|Publication number||US6439154 B2|
|Application number||US 09/181,147|
|Publication date||Aug 27, 2002|
|Filing date||Oct 27, 1998|
|Priority date||Oct 28, 1997|
|Also published as||US20010008171|
|Publication number||09181147, 181147, US 6439154 B2, US 6439154B2, US-B2-6439154, US6439154 B2, US6439154B2|
|Inventors||Hideaki Fukuda, Baiei Kono|
|Original Assignee||Asm Jpapan K.K.|
|Export Citation||BiBTeX, EndNote, RefMan|
|Patent Citations (18), Non-Patent Citations (1), Referenced by (13), Classifications (10), Legal Events (6)|
|External Links: USPTO, USPTO Assignment, Espacenet|
1. Field of the Invention
The present invention relates to a plasma processing apparatus for manufacturing semiconductors and, more particularly, to an inductively coupled plasma (ICP) processing apparatus utilizing radio frequencies.
2. Description of the Related Art
Capacitively coupled plasma processing apparatuses utilizing radio frequencies have been widely used as apparatuses for performing a plasma process on semiconductor substrates in a reaction chamber. This process is to generate an electrical field between parallel plate type electrodes by applying radio frequency power to either or both of them to cause plasma discharge, and it has been applied to plasma CVD processes and RIE processes.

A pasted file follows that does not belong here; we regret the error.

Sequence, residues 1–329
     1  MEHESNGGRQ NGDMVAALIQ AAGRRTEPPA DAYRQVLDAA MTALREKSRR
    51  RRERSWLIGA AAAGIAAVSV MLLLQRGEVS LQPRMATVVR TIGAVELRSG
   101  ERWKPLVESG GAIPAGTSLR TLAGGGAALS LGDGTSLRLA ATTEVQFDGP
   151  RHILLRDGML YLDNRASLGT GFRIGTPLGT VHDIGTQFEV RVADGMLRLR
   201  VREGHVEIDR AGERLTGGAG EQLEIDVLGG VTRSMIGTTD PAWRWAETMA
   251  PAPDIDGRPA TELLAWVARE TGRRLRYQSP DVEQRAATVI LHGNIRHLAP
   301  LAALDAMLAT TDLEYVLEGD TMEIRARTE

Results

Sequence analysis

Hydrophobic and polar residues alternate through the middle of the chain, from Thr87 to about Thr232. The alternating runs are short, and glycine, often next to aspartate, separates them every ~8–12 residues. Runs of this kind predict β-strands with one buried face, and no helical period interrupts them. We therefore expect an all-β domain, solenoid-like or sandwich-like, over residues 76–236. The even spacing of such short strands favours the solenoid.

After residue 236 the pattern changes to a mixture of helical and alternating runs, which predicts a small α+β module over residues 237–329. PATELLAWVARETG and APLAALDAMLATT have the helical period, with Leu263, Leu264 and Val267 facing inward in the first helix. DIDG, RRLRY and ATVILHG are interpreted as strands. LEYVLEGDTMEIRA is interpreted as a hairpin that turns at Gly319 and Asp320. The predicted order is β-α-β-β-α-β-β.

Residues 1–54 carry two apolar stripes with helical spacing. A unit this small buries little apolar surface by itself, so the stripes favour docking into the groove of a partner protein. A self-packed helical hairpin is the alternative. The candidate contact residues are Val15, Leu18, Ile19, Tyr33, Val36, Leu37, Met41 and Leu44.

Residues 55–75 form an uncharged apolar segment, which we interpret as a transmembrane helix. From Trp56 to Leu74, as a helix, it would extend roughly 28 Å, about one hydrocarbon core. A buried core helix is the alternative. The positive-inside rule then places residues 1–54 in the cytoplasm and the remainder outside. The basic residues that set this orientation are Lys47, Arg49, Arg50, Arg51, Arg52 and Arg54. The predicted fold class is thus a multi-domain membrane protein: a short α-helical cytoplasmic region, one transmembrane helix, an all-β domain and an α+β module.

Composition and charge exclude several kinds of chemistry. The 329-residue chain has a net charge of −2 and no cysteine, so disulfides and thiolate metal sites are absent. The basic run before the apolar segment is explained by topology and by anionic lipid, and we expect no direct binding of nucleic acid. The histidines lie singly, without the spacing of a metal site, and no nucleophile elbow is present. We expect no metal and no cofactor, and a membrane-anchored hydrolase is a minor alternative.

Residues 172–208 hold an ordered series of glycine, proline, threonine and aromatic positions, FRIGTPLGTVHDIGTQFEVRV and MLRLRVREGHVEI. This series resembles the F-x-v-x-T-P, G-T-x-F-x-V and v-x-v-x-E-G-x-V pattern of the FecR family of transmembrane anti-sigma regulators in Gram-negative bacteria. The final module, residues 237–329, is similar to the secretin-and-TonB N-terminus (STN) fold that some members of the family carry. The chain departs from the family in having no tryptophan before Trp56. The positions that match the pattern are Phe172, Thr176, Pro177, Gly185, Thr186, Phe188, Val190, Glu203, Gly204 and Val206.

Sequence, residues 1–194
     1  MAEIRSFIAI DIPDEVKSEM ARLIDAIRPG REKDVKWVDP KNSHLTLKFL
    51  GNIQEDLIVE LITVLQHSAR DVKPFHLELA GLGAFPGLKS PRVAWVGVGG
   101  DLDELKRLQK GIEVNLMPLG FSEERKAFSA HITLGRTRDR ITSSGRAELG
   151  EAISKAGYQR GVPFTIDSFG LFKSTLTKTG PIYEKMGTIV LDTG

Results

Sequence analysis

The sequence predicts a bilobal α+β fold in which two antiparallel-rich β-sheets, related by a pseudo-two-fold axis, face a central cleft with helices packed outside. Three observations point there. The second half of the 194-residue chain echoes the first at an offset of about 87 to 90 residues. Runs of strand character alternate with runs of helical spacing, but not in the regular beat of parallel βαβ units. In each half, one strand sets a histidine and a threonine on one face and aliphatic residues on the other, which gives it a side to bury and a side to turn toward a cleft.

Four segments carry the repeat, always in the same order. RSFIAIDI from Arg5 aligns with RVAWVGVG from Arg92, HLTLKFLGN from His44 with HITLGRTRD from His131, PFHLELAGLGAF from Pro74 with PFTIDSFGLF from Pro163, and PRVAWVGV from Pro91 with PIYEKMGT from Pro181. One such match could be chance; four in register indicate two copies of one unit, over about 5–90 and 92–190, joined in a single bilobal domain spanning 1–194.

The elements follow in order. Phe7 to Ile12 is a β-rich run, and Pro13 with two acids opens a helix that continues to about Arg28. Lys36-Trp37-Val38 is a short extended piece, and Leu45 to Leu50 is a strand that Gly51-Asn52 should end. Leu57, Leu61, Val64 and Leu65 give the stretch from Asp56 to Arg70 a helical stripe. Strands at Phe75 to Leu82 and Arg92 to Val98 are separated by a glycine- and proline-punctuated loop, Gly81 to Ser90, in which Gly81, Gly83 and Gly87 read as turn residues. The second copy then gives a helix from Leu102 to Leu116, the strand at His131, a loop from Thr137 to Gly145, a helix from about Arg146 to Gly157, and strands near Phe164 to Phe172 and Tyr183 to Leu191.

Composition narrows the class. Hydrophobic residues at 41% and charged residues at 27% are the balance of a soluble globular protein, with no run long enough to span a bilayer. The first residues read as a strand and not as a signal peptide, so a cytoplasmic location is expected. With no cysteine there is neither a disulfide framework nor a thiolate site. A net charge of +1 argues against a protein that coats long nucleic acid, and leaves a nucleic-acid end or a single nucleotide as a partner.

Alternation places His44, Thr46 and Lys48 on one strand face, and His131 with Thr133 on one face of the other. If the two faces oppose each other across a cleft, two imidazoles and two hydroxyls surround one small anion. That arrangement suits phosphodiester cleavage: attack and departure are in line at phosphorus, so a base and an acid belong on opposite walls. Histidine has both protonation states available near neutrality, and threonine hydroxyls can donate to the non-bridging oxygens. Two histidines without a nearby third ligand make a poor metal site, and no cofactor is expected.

However, conventional parallel plate type plasma processing apparatuses have exhibited limited capability in generating high density plasma. Further, demands for ultra-fine processing of semiconductor devices in these days has increased so as to provide uniform plasma with higher density and controlling it with high accuracy.
Thus, ECR (electron-cyclotron resonance) plasma and ICP (inductively coupled plasma) and the like have been conceived as an example exceeding improvements over the conventional parallel plate type capacitively coupled plasma.